Today we’re announcing ML.NET 1.1 which includes updates for ML.NET (v1.0 was released on May 2019) and Model Builder for Visual Studio. Following are the key highlights...
In this article we will use ML.NET to build and compare four Machine Learning Binary Classification pipelines. Each model uses another algorithm to predict the quality of wine from 11 physicochemical features. The characteristics of the prediction models are visualized using OxyPlot. All the code is in C# (“Look mom, no Python!”) and hosted in a UWP app together with some other ML.NET use cases.
Today, coinciding with //BUILD 2019/ conference, we’re thrilled by launching ML.NET 1.0 release! You can read the official ML.NET 1.0 release announcement Blog Post here and get started at the ML.NET site here. In this blog post I’m providing quite a few additional technical details along with my personal vision that you might find interesting, though.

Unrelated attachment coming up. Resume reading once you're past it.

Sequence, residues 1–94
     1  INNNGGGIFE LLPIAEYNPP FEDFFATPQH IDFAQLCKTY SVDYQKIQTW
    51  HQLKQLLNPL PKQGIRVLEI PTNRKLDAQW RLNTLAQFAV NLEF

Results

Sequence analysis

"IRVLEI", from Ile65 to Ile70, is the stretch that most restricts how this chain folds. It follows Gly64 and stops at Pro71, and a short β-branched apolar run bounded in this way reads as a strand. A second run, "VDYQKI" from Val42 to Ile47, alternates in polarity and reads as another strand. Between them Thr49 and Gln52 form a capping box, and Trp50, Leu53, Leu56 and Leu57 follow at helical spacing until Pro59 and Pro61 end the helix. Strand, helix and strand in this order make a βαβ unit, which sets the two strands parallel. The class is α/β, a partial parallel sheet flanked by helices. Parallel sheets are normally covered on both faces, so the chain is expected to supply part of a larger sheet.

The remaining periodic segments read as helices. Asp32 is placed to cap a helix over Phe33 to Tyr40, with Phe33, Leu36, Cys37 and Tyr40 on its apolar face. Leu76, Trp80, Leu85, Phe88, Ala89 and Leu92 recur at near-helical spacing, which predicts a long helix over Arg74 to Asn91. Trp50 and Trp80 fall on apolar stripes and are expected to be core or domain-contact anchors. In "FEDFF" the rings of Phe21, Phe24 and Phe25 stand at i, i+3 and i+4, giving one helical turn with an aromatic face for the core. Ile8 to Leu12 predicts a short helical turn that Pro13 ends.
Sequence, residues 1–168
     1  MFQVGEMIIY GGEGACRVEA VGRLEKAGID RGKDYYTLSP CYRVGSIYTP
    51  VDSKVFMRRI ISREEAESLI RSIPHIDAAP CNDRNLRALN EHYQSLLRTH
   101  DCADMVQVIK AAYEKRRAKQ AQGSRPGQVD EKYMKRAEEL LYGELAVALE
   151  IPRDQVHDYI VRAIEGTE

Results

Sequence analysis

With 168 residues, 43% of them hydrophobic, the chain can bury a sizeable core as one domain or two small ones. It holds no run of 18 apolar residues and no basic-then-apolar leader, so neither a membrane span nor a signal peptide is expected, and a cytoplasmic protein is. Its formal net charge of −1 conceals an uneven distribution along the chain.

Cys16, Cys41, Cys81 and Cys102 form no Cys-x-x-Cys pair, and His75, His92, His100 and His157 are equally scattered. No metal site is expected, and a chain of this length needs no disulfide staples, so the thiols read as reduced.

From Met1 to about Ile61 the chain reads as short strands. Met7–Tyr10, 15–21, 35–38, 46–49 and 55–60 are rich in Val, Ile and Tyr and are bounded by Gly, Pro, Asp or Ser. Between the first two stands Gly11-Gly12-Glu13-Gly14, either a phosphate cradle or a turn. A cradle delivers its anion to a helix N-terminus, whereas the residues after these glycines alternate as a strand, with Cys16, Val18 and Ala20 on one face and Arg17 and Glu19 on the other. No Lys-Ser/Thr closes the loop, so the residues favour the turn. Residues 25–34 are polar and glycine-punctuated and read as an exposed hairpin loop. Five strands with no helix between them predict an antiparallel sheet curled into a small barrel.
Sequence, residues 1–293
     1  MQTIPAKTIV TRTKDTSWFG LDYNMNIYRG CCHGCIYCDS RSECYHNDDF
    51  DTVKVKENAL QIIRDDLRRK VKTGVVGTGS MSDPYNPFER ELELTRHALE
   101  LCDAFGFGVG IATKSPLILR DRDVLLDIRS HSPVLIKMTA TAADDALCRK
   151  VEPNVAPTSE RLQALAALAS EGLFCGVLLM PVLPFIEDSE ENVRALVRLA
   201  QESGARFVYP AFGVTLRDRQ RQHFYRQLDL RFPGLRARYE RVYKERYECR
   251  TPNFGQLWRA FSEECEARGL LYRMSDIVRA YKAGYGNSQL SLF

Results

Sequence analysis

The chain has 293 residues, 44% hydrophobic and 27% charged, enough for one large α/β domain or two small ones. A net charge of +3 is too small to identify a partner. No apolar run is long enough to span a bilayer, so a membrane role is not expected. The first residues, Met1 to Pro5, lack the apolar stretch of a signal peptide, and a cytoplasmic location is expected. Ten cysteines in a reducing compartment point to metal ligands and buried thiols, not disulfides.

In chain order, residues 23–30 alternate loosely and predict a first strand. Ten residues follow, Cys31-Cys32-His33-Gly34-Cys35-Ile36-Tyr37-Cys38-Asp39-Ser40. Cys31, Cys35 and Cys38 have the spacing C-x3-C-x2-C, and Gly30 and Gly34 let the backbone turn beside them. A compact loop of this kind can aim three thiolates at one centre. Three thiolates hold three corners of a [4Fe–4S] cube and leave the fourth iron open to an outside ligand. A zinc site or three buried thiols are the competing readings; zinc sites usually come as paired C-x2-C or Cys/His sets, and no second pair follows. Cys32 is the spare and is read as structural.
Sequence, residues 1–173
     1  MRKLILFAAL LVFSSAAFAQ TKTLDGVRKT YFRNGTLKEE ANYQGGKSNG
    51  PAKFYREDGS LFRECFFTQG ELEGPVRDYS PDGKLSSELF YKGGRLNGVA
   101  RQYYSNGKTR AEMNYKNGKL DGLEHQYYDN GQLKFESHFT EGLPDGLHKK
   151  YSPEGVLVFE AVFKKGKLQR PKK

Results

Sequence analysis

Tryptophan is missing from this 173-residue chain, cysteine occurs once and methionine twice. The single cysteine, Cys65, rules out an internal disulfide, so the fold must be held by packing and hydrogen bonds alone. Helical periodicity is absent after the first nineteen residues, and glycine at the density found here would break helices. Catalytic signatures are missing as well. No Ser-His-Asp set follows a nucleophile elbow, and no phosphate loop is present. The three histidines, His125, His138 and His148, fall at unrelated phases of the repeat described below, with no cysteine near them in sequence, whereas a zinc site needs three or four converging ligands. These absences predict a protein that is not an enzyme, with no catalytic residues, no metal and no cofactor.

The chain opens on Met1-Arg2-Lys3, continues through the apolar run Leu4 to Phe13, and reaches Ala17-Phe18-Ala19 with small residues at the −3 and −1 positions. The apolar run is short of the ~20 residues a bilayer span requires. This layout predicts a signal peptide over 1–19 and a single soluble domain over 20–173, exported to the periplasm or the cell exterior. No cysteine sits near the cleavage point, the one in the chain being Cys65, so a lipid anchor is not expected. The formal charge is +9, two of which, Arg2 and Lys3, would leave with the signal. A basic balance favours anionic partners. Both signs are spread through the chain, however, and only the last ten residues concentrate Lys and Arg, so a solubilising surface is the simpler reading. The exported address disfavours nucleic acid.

Clustering is a well known type of unsupervised machine learning algorithm. It is unsupervised since there isn't usually a known label in the data to help the algorithm know how to train on a known value. Instead of training on the data point to see a pattern in how it got a label value, an unsupervised algorithm will find patterns among each of the data points themselves. In this post, I'll go over how to use the clustering trainer in ML.NET.